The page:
Colin Maynard, unsplash
Colin Maynard, unsplash

On Kathleen and The Art of Living and Dying Well

When I became a Christian I was nineteen years old. I remember the Minister speaking about how Christians ‘die well.’ I found this a strange notion but an interesting one.

Not long ago I went to the funeral of a dear old saint and I recalled the words that Minister spoke so many years ago. The Bible tells us that ‘it is better to go to a house of mourning than go to a house of feasting’ and I know this to be true. My friend Kathleen was ninety-four years old when she went to be with her Saviour. Her ninety-four years had been filled out with a devotion to all kinds of good deeds. To be able to attend Kathleen’s funeral and burial was a privilege that I shared with many. Kathleen was a deeply loved member of a tiny rural community.

Kathleen was ninety-four years old when she went to be with her Saviour. Her years had been filled out with a devotion to all kinds of good deeds.

Early on the morning of her funeral friends of hers gathered at the church to open the windows, to sweep the building and to make it lovely. People from all over brought basketfuls of beautiful bright hibiscus, sweet smelling frangipani and delicate ferns from their gardens to decorate the little church. There were flowers everywhere. Flowers decorated the lectern and the nave, they filled the window sills and lined the pews. I’d never seen the church look so pretty.

Light shone brightly through the coloured glass as we sang Kathleen’s favourite hymns. There was peace and joy that sat alongside grief as we thanked God for her life. A seventeen-year old girl who shared the same birthday as Kathleen and often met with her for morning tea was one of the people who spoke at the funeral. I thought about how precious it is that in the church family a ninety-four year old woman can become friends with a seventeen-year old girl.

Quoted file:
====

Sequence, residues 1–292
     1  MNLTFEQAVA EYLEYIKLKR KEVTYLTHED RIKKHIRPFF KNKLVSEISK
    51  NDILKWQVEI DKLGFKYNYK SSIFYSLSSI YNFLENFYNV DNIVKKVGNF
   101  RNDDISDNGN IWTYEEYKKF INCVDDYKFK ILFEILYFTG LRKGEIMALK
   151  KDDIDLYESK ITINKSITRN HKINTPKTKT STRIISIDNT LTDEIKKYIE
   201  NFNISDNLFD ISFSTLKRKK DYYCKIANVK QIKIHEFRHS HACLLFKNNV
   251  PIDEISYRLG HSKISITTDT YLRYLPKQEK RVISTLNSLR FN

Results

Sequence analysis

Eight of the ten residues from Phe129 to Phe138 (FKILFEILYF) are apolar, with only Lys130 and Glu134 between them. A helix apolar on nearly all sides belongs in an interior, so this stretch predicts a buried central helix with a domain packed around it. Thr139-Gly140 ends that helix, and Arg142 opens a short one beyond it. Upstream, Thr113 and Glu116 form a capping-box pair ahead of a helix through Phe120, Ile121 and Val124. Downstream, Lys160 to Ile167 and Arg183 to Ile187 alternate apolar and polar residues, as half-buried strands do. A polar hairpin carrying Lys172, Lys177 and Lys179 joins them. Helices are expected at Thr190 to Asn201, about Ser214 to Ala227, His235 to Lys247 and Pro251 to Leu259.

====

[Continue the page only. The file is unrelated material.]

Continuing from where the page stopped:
A gentle man named Charles walked very slowly to the front of the church and hung his walking stick on the lectern. He spoke briefly about his friend Kathleen. Charles is in his nineties and only days before the funeral, he’d sat by Kathleen’s wheelchair after church and held her cup of tea for her as her hands had become very shaky. Charles described her incredible patience as she waited for her Lord to take her to be with Him. Kathleen struggled in her last few months to speak as quickly as she wanted to but she took every opportunity she could to encourage whomever she was with to push on in the Christian life. Kathleen knew the word of God was powerful and she treasured it. Kathleen prayed continually for others and no doubt she felt it a great blessing she could do that when her body was frail and she could do little else to help others.

One of Kathleen’s nieces spoke to the congregation about what an incredible impact her Aunty had had upon her when she challenged her as a young woman to take seriously the call to live for Jesus. This woman turned from her futile way of life to serve the living and true God because of what she was shown.

Kathleen’s grandchildren spoke with incredible reverence for this woman who had loved them so well but had never neglected to speak of the one who loved them even more.

One of Kathleen’s nieces spoke about what an incredible impact her Aunty had had upon her. This woman turned from her futile way of life to serve the living and true God because of what she was shown.

Many gathered at the church were not yet believers. They went to the weatherboard church where Kathleen had worshipped her God for years because they knew she would have wanted them to find their way there. The Minister spoke clearly about the desperate need we have of salvation through Jesus. I’m sure my friend would have wanted it that way. Kathleen went to be with the Lord the week after Billy Graham died. The Minister referred to Billy’s famous words: ‘Some day you will read or hear that Billy Graham is dead. Don’t you believe a word of it. I shall be more alive than I am now. I will just have changed my address’. It was a fantastic truth to reflect upon.

Following the church service people walked to the cemetery holding sweet posies of flowers held together with twine. Kathleen was buried close to the sea and the sand was heaped up by the graveside. It seemed incredible that such a lot of sand should be dug up to bury such a small person. Kathleen was physically tiny but spiritually a giant. Her coffin was lowered into the grave and all of the men took shovels to fill the deep hole. The delicate flowers that people had been holding were laid upon the grave .

Kathleen was a generous friend to many from all walks of life. People from every home in that little community came together to grieve the loss of a great one. We wept and we thanked God for a friend who had been a wonderful example of how to live. Kathleen was a woman who ‘died well’.

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